Multiple efforts were successful in improving Queens Botanical Garden and its amenities from its humble origins. Since moving in 1964, Queens Botanical Garden has continued to see that its facilities meet the needs of the diverse population of Queens. This came to fruition with the first and most recent renovation in proposed in the early 2000s. Devised as the Queens Botanical Garden Master Plan, it sought to renovation and update the entire campus. Including a new visitor center, updated green infrastructure, and the creation of more unique spaces to be enjoyed and more improvements.[13]  Funded by the New York City and state governments as well as privately raised funds through the Queens Botanical Garden Society and other donors; the investment was successful with its completion in bringing Queens Botanical Garden into the 21st century conservation movement. It presently features sustainable design elements that are prime examples for sustainable living systems that restores the natural integrity of the water and soil. The visitor center is also a community learning center that was the first public building in New York City to meet the highest Platinum LEED standard of green buildings.[14] Clearly, Queens Botanical Garden is genuine and attentive in their approach and appreciation for the natural world. Achievements in implementing practical environmental solutions on premise such as rainwater collection and energy efficient buildings embolden visitors alike to see the importance of living purposefully and inclusively with each other and our environment. Visiting can help everyone to see the balance that can be maintained living in a progressive society.

Image produced by Queens Botanical Garden circa 2015.

Above is an image of the new Queens Botanical garden Entrance Plaza, [15]. With much to explore and see, one can forget about the commotion and bustle of everyday life. To the right, obscured by greenery is the Visitor Center.

More recently, green spaces such as Botanical Gardens and public parks have become icons for the growing environmental movement. Embodying conservation and sustainable values, American communities, and businesses are mobilizing to protect natural land so that it can be enjoyed by future generations. In part of municipal and private funding, Queens Botanical Garden continues to provide exceptional educational services to thousands of residents and visitors while representing the best that the borough of Queens has to offer recreationally. By renewing their commitment to greater community services, Queens Botanical Gardens has affirmed these values, leading an example, which reflects what Queens residents have held dear for decades. Environmental stewardship and support continue to draw attention to crucial causes today with a new push to decarbonize and be mindful of our everyday interactions with our surroundings.

As New York City continued to build upwards, a new vision emerged blending the rising metropolis into functional green space to balance the needs of the borough at ground level. Queens Botanical Garden for decades has served an essential role in diversifying the cityscape and bringing together the vibrant cultures of Queens. The Queens Botanical Garden has remarkably met the communities’ values and desires recreationally and culturally. With the greater area home to other parks and recreational opportunities, Queens Botanical Garden is unmatched in its role of a botanical oasis attracting everyone, from students to tourists and residents. Not too far from other famous landmarks and transportation, Queens Botanical Garden is worth the visit if you are in the area. Appreciation of the natural world is renewed with a visit where Queens Botanical Garden is constantly enriching the land and community with modern ecological experiences and values that bring together the ever-growing Queens community and those seeking to explore the greater New York City area.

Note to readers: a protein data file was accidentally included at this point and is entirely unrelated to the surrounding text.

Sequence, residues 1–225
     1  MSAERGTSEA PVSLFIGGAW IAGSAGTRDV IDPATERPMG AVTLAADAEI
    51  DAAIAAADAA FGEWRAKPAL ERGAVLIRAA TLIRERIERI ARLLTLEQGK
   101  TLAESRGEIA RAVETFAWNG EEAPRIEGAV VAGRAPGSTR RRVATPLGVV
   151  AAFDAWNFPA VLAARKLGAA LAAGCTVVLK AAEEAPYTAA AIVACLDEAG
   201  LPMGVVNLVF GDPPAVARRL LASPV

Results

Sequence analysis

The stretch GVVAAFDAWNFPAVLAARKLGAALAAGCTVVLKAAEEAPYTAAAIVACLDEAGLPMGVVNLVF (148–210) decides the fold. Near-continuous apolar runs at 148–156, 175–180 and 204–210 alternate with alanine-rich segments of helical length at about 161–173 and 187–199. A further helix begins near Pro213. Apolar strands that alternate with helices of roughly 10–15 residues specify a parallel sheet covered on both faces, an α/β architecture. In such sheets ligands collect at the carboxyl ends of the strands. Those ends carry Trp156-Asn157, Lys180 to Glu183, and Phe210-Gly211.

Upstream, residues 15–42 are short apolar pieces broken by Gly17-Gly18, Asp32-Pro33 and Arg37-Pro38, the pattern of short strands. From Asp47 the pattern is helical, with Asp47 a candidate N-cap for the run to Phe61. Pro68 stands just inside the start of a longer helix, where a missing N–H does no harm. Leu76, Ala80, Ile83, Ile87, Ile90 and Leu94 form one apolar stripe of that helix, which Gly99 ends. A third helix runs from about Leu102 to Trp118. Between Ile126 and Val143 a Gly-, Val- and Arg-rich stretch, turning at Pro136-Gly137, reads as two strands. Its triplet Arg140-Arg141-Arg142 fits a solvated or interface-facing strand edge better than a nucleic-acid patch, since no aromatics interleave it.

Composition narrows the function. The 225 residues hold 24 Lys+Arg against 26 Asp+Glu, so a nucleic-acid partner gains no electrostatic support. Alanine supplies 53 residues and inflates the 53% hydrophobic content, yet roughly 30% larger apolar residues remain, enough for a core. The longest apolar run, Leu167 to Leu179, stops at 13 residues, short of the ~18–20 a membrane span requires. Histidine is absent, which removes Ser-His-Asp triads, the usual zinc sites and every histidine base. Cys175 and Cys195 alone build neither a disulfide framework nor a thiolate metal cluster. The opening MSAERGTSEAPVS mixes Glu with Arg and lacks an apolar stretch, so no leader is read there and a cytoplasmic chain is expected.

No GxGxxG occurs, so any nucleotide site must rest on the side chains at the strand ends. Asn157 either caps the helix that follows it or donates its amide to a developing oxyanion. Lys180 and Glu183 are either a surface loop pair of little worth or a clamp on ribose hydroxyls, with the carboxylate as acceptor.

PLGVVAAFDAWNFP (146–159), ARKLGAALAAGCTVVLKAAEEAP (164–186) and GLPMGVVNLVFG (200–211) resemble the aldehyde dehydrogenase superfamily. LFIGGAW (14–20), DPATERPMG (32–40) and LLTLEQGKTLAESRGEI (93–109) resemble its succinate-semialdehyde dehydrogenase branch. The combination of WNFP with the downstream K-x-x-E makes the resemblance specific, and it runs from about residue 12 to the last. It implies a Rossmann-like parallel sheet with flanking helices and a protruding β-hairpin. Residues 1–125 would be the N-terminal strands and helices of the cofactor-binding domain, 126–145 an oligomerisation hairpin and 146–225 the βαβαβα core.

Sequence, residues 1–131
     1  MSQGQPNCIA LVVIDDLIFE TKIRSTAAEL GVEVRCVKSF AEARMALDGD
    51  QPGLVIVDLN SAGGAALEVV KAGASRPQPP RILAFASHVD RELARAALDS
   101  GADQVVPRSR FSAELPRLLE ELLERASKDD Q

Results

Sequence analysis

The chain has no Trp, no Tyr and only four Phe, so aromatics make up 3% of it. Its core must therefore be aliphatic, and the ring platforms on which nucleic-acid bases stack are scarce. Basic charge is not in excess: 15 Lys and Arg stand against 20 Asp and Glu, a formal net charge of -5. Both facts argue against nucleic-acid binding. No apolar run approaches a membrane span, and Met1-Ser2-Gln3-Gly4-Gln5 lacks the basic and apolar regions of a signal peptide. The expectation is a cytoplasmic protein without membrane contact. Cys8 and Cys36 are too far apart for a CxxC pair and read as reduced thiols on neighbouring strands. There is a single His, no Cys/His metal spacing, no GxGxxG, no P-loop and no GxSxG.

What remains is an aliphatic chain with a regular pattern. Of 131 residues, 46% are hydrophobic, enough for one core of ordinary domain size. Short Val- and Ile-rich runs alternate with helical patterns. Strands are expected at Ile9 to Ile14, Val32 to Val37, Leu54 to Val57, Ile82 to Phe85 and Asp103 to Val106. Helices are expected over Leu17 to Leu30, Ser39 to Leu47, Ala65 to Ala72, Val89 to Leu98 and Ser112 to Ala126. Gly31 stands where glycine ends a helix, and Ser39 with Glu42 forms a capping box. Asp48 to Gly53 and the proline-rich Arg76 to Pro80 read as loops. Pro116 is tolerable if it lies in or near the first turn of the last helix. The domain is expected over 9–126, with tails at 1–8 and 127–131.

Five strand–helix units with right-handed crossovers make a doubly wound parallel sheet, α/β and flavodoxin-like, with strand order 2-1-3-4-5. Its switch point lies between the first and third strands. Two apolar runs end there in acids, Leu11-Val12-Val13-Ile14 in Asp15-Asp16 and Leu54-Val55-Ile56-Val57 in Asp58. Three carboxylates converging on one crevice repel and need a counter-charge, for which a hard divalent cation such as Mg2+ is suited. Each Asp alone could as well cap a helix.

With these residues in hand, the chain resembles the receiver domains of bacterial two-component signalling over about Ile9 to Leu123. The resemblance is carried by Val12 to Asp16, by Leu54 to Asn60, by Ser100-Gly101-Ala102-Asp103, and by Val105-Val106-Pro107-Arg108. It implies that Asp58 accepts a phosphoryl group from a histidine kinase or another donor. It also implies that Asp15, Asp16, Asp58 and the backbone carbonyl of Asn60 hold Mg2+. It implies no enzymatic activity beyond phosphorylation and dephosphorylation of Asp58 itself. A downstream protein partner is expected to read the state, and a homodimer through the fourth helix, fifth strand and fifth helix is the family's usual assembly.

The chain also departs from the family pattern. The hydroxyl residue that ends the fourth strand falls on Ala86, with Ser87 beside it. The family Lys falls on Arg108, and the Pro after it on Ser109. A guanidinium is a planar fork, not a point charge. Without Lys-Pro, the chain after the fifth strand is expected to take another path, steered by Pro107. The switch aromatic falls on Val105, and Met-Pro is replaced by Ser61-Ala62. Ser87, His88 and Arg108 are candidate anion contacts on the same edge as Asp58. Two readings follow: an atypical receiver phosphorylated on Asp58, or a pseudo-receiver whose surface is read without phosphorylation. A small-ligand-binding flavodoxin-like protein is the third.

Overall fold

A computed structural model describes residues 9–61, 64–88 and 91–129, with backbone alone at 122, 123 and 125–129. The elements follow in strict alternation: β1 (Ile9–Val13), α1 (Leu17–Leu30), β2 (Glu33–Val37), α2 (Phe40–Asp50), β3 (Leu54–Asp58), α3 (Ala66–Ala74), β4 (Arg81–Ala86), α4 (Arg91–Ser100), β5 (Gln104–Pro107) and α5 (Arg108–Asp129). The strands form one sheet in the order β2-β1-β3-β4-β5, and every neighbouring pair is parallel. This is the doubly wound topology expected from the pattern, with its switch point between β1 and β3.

“Board OK Given More Fair Projects.” In New York State Digital Library. Long Island Star-Journal, September 23, 1961. https://fultonhistory.com/Newspaper%2014/Long%20Island%20City%20NY%20Star%20Journal/Long%20Island%20City%20NY%20Star%20Journal%201961/Long%20Island%20%20City%20NY%20Star%20Journal%201961%20-%200402.pdf.


Conservation Design Forum, and Atelier Dreiseitl. “Queens Botanical Garden – Flushing, New York.” The Master Plan – Queens Botanical Garden. Queens Botanical Garden Society, 2002. https://queensbotanical.org/wp-content/uploads/2015/12/masterplan_complete.pdf.


Goldman, Ari L. “Queens Garden Is for the Young.” The New York Times. The New York Times, July 16, 1972. https://timesmachine.nytimes.com/timesmachine/1972/07/16/91336430.html?pageNumber=84.


Queens Botanical Garden, “Web Page,” April 4, 2022. https://queensbotanical.org/.


Rosenfeld, Lucy D., and Marina Harrison. “HOW TO DO IT YOURSELF: Demo-Gardens, Programs, and New Ideas at the Queens Botanical Garden, Flushing.” In Exploring Nature’s Bounty: One Hundred Outings Near New York City, 40–41. Rutgers University Press, 2012. http://www.jstor.org/stable/j.ctt19rmb2q.23.


Uva, Katie. “1964 and the State of the City.” In World’s Fairs in the Cold War: Science, Technology, and the Culture of Progress, edited by Arthur P. Molella and Scott Gabriel Knowles, 77–84. University of Pittsburgh Press, 2019. https://doi.org/10.2307/j.ctvpbnqjx.10.


Wikimedia Commons contributors, “File:Entrance Plaza, Queens Botanical Garden.jpg,” Wikimedia Commons, the free media repository, author Queensbotanicalgarden, https://commons.wikimedia.org/w/index.php?title=File:Entrance_Plaza,_Queens_Botanical_Garden.jpg&oldid=503617394. (CC BY 2.0)


Wood, Andrew F. New York’s 1939-1940 World’s Fair. Arcadia Publishing, 2004. Google Scholar. https://scholar.google.com/citations?view_op=view_citation&hl=en&user=GkE89pIAAAAJ&citation_for_view=GkE89pIAAAAJ:WF5omc3nYNoC


[1] Lucy Rosenfeld and Marina Harrison, Exploring Nature’s Bounty: One Hundred Outings Near New York City, (New Brunswick, NJ, Rutgers University Press, 2012), 40.

[2] Queens Botanical Garden, “Main Web Page” April 4, 2022. https://queensbotanical.org/.

[3] Conservation Design Forum, and Atelier Dreiseitl. “Queens Botanical Garden – The Master Plan.” (Flushing, NY, 2002), 102.


[4] Andrew Wood, New York’s 1939-1940 World’s Fair,  (Arcadia Publishing, 2004), 11-12.

[5] Conservation Design Forum, and Atelier Dreiseitl. “Queens Botanical Garden – The Master Plan.” (Flushing, NY, 2002), 102.

[6] Ari Goldman, “Queens Garden Is for the Young” in New York Times (NY, July 16, 1972), 84.

[7] Katie Uva, “1964 and the State of the City”, in World’s Fairs in the Cold War (University of Pittsburg Press, 2019), 80.

[8] “Board OK Given More Fair Projects”, Long Island Star-Journal, (Long Island, NY, Sept. 23, 1961), 9.


[9] Katie Uva, “1964 and the State of the City”, in World’s Fairs in the Cold War (University of Pittsburg Press, 2019), 78.

[10] Ari Goldman, “Queens Garden Is for the Young” in New York Times (NY, July 16, 1972), 84.

[11] Queens Botanical Garden, “About Web Page,” https://queensbotanical.org/mission/.

[12] Ari Goldman, “Queens Garden Is for the Young” in New York Times (NY, July 16, 1972), 84.

[13] Conservation Design Forum, and Atelier Dreiseitl. “Queens Botanical Garden – The Master Plan.” (Flushing, NY, 2002), 116.

[14] Conservation Design Forum, and Atelier Dreiseitl. “Queens Botanical Garden – The Master Plan.” (Flushing, NY, 2002), 77.

[15] Wikimedia Commons, Entrance Plaza: Queens Botanical Garden (2015).